In doing so, they reference the same Oxford University study, but note a separate finding—that those who eat meat produce nearly two and a half times as many as greenhouse gases per day as vegans.
They also reference studies conducted by scientists at Chalmers University of Technology in Sweden, who concluded that “reducing meat and dairy consumption is key to bringing agricultural climate pollution down to safe levels.”
It is likely that millennials in the UK are taking notice of these findings.
As reported by The Independent in September of 2018, concerns over climate change in the UK are at recent highs.
This growth in climate concern could possibly be fueling a greater interest in veganism, as individuals look for ways to protect the environment.
In fact, climate change policies have grown increasingly common and popular in the UK in the last decade. England’s plastic bag tax passed in 2015, for instance, saw a whopping 62% support rate from the people.
The Opinium poll referenced by the Independent adds even more context. The poll found that 30% of British citizens classify themselves as “very concerned” about the possibility of climate change. Additionally, 42% note that they are “fairly concerned.”
With 72% of the population at least moderately concerned about climate change, it is within reason to believe that recent efforts to connect veganism with more eco-friendly practices has fueled interest in the movement.
As research into the connection between climate change and veganism continues, it may be that even more concerned UK citizens make the switch.
Clearly, the rise of veganism in the UK since 2016 has been nothing short of impressive.
With the number of vegans rising by over 500%, it is worth examining the political, cultural, and social conditions that have made this growth possible.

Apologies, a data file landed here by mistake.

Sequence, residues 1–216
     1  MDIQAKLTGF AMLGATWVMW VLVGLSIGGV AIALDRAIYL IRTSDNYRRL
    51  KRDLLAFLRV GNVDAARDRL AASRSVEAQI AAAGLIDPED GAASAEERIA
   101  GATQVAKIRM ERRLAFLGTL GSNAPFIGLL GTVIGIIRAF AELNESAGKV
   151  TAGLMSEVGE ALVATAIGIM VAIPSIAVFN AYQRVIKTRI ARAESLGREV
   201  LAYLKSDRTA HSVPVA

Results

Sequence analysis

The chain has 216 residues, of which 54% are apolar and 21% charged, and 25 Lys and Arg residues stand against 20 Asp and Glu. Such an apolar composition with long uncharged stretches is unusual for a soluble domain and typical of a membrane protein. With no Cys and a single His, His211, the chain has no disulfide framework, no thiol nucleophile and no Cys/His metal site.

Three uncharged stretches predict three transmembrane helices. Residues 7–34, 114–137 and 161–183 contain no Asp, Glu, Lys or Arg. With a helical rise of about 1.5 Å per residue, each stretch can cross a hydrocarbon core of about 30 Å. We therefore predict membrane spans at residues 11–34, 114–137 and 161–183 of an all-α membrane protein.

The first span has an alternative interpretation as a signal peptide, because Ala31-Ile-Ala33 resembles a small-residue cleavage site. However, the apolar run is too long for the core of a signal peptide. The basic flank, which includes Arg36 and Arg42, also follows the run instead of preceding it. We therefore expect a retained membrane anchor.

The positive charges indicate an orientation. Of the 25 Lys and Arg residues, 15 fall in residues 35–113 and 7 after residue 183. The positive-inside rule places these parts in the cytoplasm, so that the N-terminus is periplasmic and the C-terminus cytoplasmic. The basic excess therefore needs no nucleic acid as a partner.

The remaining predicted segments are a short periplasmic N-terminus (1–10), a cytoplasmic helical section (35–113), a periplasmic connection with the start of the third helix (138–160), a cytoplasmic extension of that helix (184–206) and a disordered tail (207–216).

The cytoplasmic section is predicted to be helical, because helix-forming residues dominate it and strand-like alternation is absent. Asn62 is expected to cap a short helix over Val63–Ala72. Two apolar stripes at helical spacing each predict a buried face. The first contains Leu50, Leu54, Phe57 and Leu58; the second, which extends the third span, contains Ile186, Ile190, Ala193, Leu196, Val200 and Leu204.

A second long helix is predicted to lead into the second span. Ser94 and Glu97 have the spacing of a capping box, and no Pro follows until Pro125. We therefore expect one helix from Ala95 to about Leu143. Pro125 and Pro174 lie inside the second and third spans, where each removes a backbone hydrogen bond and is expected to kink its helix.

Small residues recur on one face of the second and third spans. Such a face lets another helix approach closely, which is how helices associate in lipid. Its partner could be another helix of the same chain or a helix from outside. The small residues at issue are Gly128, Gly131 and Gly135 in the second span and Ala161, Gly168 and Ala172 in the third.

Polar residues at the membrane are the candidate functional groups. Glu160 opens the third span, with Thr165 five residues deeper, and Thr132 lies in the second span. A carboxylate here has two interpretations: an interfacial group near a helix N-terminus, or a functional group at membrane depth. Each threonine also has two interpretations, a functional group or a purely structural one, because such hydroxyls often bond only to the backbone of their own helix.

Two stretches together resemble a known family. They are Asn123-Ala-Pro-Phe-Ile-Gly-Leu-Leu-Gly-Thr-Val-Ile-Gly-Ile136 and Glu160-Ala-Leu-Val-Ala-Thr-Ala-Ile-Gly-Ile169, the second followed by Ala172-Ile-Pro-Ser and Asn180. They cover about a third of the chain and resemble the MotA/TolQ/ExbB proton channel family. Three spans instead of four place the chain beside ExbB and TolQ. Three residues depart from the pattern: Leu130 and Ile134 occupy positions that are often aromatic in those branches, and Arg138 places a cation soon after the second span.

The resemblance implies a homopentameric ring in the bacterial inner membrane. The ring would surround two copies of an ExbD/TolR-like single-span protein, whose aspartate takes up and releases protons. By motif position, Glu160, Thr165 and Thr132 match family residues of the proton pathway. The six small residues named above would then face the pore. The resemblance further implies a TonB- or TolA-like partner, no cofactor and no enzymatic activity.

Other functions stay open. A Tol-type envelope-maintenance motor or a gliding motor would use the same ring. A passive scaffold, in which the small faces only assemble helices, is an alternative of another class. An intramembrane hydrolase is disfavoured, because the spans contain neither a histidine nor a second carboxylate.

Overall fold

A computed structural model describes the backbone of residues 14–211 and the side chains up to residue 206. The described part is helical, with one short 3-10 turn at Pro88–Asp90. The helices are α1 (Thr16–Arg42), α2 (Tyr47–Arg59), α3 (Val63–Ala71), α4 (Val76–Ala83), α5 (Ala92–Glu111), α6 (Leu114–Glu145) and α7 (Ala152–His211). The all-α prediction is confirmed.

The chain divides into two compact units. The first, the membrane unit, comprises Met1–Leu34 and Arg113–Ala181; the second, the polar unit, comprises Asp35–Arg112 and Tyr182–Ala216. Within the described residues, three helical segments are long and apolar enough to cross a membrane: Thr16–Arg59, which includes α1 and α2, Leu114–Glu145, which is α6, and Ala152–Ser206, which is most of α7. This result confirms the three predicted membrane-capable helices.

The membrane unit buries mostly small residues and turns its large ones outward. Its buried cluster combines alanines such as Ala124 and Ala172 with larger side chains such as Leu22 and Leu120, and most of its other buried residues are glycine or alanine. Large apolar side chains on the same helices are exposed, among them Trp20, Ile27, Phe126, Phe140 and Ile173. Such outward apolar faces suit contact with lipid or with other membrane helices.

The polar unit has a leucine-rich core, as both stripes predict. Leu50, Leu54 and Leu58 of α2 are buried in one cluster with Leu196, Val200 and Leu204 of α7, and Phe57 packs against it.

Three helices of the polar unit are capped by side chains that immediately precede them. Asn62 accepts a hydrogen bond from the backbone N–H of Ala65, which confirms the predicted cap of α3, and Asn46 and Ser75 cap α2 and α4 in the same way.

What we found is that several conditions have led to an increased interest in veganism—and that these circumstances are present at a global scale.
Namely, the ability of vegans and big-name vegan organisations to leverage digital media has played an integral role in the movement’s rise. By making veganism mainstream, these platforms have helped make veganism more accessible to the general public.
And because increased vegan food options and restaurants are now available, being vegan has never been more convenient.
These conditions have reduced barriers for those looking to adopt a vegan lifestyle. This is perhaps the largest contributing factor to the movement’s rise.
However, veganism’s connection to other causes must not be ignored.
By successfully linking veganism to pressing issues such as climate change, researchers and activists have made going vegan more than a moral issue. By presenting veganism as an alternative to increased death rates and climate change, activists have built on growing concerns over humankind’s current sustainability.
Together, these factors have produced a seemingly-unstoppable vegan revolution.